PIAC concerned that CRTC “Talk TV” decision on Canadian content permits Internet-delivered services to require subscription to expensive TV offerings
OTTAWA, March 12, 2015 – The Public Interest Advocacy Centre (PIAC) today expressed concern that Canadians wishing to access new online video services such as CraveTV and shomi will continue to be shut out from such services unless they subscribe to affiliated subscription TV services.
“Bell’s CraveTV and Rogers and Shaw’s shomi services, despite the CRTC’s decision today, are able to continue to make you sign up for an expensive subscription cable or IPTV package if you want access to the “over-the-top” products, said John Lawford, Executive Director and Counsel to PIAC.
The latest “Talk TV” decision released today by the Canadian Radio-television and Telecommunications Commission (CRTC), creates a new category of “exempt hybrid video on demand” services under which licensees must offer their Internet-delivered service to all Canadians, regardless of whether they have a TV service subscription. However, the CRTC has allowed a loophole to persist where services like CraveTV and shomi can avoid that requirement.
PIAC and the Consumers’ Association of Canada (CAC) had filed two applications with the CRTC asking that that loophole be closed. Today, the CRTC closed the PIAC-CAC applications, referencing instead the new hybrid video on demand (HVOD) exemption while at the same time essentially preserving the status quo.
“The CRTC today has avoided the issue of tying subscription TV services to Netflix-fighting OTT services,” said Geoff White, Counsel to PIAC on the PIAC-CAC application. “We are skeptical that any competitors to these services will choose the new HVOD exemption model that CRTC created today and it will remain very hard for any competitors to catch up to the head start Bell, Rogers, Shaw and their partners have thanks to the loophole the CRTC has left in place.”
Attached is a statement to the public from PIAC calling upon them to comment on the CRTC’s decision on OTT services. PIAC will consider re-applying for consideration of its application, in part with any public input.
PIAC also participated in Let’s Talk TV in a coalition with other organizations named the Groups for the Public Interest. The Groups also included the:

  • Canadian Ethnocultural Council;
  • Consumers’ Association of Canada;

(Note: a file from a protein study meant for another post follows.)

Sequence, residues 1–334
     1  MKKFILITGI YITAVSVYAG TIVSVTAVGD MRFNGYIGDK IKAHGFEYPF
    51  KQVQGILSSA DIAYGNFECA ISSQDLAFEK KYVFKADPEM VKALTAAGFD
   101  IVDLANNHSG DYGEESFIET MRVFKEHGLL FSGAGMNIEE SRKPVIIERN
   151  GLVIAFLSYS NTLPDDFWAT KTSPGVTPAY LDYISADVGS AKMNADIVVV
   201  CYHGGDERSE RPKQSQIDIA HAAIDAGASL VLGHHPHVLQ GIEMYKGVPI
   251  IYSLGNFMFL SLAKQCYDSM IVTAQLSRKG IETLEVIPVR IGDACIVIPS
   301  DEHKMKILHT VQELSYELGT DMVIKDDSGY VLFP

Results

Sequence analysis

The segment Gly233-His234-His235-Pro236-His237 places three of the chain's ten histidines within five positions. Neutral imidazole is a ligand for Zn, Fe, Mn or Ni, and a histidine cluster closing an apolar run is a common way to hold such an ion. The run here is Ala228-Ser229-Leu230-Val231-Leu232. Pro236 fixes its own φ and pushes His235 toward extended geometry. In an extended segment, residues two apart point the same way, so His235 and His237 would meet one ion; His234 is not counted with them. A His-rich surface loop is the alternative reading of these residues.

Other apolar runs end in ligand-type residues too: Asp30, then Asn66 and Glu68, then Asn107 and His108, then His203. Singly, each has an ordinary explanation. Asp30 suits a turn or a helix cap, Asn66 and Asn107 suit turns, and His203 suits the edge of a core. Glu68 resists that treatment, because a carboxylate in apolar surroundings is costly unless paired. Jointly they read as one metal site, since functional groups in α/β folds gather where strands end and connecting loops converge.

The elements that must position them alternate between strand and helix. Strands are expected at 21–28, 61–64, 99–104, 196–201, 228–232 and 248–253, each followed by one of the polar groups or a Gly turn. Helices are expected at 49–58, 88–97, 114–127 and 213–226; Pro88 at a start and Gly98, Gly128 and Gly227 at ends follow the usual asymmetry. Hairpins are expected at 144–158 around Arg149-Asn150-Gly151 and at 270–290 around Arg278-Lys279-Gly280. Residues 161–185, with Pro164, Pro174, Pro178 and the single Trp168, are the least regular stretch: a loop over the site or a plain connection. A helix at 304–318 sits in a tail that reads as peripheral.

• Council of Senior Citizens’ Organizations of British Columbia;
  • National Pensioners Federation; and
  • Option consommateurs.

The CRTC also introduced regulatory changes today for Canadian television content, emphasizing promotion, quality over quantity of Canadian programming, and reliance on market forces. PIAC generally supports the new changes in particular those – including the elimination of genre protection – directed towards maximizing consumer choice and flexibility.
At the same time, broadcasters will continue to have obligations to support Canadian programming. A 2014 poll commissioned by PIAC and filed during the Let’s Talk TV proceeding showed that 83% of Canadians agreed broadcasters should be required to help promote and market Canadian programs, and that 79% agreed broadcasters should be required to redirect a percentage of their revenues to funding Canadian production. However, 80% of Canadians also agreed that broadcasters should have to air a certain number of original Canadian programs and, in particular, programs from various regions across Canada. Therefore, PIAC will continue to monitor and advocate for policies which ensure that television programming will continue to serve Canadians, in particular minority groups such as ethnocultural communities, Aboriginal groups, Canadians with disabilities, and official language minority communities.
For more information please contact:
John Lawford
Executive Director & General Counsel
Public Interest Advocacy Centre (PIAC)
(613) 562-4002 ×25
Mobile (613) 447-8125
Geoff White
Counsel to PIAC-CAC
(613) 562-4002 ×24
Alysia Lau
Legal Counsel
Public Interest Advocacy Centre (PIAC)
(613) 562-4002 ×38